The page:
For Each WB In Workbooks
    For Each WS In WB.Worksheets
        If WB.Name <> ThisWorkbook.Name Then
        WS.Activate
        Call FormatFinancialData
        Call AdditionalMacro1
        Call AdditionalMacro2
        End If
    Next WS
Next WB

End Sub


2. Perform Tasks Automatically

Run a Macro Each Time the Workbook is Opened:

  1. Open a workbook. Go to the Developer tab.
  2. Click on Visual Basic. Double-click on “ThisWorkbook” in the Project Explorer on the left-hand side.
  3. In the first dropdown menu, select “Workbook”, on the second dropdown menu, select “Open”.
  4. Add the code that you want to execute or call one (or more) of your existing macros as shown below:

2.1

Run a Macro When a Cell Changes:

  1. Open a workbook. Go to the Developer tab.
  2. Click on Visual Basic. Double-click on “Sheet1 (Sheet1)” in the Project Explorer on the left-hand side.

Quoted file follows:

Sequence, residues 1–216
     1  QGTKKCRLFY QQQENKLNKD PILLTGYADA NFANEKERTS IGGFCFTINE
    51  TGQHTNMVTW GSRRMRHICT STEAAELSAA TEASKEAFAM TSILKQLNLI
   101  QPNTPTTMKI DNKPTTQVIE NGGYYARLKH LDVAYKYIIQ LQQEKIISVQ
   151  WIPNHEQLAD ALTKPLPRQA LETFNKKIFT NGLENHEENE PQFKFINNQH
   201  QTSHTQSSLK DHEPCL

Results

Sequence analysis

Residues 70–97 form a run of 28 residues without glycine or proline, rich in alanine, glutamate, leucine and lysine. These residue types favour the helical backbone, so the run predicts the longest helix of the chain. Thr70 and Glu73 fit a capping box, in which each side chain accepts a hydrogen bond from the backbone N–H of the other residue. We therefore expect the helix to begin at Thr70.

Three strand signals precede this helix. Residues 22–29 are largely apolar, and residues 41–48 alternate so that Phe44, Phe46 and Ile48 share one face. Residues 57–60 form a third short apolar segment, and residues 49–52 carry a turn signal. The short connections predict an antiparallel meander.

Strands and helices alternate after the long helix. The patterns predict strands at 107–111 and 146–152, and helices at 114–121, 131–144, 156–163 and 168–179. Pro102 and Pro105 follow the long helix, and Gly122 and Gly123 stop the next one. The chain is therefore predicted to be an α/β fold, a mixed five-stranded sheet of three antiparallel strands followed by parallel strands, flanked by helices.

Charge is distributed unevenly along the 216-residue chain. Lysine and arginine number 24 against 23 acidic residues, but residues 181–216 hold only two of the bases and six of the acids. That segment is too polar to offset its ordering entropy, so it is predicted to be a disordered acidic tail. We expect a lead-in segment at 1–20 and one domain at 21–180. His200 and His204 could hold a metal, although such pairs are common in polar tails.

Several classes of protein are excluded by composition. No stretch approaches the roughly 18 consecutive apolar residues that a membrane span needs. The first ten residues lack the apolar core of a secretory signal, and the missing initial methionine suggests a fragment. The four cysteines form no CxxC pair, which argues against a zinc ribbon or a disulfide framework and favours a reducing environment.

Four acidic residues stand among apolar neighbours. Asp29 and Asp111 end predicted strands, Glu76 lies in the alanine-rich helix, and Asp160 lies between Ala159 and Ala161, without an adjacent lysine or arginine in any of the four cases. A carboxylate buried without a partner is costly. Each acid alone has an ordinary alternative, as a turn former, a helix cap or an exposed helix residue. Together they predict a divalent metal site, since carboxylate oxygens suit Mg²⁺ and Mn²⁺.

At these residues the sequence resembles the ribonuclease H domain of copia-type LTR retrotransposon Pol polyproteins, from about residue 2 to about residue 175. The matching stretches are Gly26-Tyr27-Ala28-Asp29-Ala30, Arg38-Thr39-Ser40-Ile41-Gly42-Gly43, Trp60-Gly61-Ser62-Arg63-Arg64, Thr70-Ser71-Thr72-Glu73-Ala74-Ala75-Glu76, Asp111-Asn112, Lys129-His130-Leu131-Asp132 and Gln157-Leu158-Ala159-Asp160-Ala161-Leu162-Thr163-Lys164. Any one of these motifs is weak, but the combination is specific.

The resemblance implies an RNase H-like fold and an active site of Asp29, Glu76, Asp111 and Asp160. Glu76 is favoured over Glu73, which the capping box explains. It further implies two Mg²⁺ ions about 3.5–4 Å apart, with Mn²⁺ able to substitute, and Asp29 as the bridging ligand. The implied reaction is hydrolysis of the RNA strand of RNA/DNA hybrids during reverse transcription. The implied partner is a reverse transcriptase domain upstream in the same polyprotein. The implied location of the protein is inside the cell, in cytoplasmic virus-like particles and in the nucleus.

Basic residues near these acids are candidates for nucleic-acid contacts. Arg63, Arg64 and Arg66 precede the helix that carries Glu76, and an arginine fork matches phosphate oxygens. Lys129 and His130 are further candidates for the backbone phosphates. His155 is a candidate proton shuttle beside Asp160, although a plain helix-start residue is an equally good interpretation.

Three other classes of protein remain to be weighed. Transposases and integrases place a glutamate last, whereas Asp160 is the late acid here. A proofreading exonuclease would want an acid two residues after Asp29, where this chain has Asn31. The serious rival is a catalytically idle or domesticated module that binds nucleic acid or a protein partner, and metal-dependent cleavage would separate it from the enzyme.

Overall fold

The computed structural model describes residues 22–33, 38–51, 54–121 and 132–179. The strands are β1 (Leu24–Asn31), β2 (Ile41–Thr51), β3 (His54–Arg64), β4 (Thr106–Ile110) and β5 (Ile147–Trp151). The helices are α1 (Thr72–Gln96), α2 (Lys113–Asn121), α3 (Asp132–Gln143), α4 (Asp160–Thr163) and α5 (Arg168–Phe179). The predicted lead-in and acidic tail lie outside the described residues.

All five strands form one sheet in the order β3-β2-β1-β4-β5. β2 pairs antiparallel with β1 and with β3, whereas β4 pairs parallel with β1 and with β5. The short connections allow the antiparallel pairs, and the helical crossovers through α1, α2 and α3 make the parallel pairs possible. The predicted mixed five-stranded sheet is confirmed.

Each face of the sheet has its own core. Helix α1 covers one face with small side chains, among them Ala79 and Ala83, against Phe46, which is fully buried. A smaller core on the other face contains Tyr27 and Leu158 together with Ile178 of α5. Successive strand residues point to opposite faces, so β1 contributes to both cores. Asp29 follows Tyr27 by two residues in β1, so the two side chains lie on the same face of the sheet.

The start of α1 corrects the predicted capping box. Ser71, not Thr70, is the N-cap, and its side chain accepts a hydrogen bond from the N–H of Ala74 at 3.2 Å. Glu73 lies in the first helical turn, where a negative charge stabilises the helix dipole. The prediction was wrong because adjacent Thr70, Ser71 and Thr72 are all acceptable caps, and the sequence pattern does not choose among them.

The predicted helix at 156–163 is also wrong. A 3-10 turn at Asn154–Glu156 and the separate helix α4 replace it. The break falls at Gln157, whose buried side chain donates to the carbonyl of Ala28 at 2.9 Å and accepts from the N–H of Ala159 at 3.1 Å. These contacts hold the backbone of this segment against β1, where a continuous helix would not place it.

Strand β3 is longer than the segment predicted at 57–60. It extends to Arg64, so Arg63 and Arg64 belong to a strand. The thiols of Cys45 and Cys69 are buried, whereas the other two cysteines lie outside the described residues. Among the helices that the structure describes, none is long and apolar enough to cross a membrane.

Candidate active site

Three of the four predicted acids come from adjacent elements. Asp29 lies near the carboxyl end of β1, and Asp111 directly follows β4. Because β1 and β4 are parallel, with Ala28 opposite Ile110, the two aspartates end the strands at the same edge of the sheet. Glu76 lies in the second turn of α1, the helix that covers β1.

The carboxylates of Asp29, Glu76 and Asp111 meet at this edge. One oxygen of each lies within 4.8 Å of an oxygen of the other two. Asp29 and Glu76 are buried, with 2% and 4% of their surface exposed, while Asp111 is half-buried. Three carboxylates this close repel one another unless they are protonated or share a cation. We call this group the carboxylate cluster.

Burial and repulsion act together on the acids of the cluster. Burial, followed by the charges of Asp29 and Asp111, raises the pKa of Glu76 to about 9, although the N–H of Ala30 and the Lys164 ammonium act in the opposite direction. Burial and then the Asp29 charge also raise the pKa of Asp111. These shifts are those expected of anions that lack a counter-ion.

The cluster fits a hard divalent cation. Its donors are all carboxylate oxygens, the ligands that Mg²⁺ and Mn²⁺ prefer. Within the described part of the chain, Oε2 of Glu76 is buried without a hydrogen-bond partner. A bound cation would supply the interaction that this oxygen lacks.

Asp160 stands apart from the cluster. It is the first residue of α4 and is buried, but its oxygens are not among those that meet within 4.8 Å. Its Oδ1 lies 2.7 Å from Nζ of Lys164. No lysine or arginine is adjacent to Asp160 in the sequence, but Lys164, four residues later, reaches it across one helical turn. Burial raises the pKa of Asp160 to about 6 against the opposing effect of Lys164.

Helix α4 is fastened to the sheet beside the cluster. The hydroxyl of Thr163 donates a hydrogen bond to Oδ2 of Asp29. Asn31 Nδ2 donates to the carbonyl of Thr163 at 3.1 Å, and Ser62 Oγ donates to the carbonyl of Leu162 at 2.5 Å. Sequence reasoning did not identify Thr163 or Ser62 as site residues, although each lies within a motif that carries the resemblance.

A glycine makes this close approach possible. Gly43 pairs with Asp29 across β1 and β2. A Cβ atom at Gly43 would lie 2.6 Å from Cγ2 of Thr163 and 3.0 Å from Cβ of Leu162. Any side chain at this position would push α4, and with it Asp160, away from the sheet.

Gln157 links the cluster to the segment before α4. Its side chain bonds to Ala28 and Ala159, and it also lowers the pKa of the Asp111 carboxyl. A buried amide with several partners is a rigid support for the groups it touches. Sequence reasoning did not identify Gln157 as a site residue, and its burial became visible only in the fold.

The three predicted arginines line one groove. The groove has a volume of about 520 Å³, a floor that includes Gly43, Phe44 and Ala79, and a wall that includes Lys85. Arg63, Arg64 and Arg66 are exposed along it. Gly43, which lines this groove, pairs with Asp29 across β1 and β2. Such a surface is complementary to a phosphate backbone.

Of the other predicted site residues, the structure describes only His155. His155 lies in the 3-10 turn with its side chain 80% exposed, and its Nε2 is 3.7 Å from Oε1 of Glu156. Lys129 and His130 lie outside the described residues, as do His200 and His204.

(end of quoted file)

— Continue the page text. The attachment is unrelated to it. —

3. In the first dropdown menu, select “Worksheet”. In the second dropdown menu, select “Change”.
  4. Add an If-statement that specifies the cell (or range) that when changed, will trigger your macro(s).  In this case, we specify the cell “A2”.

Private Sub Worksheet_Change(ByVal Target As Range)
If Target = Range("A2") Then
Call Macro1
End If
End Sub

Run a Macro at a Scheduled Time (Part 1):

  1. Open a workbook. Go to the Developer tab.
  2. Click on Visual Basic. Double-click on “ThisWorkbook” in the Project Explorer on the left-hand side.
  3. In the first dropdown menu, select “Workbook”. In the second dropdown menu, select “Open”.
  4. Add the following line of code to specify the name of the macro and the time you would like it to run.

Private Sub Worksheet_Change(ByVal Target As Range)
If Target = Range("A2") Then
Call Macro1
End If
End Sub

  1. Confirm that the macro you want to run is contained in a module in an open workbook.
  2. Save the file as a macro-enabled workbook and re-open it.
  3. In order for the macro to run at the given time, the workbook must be open.

But what if I don’t want to have the workbook open?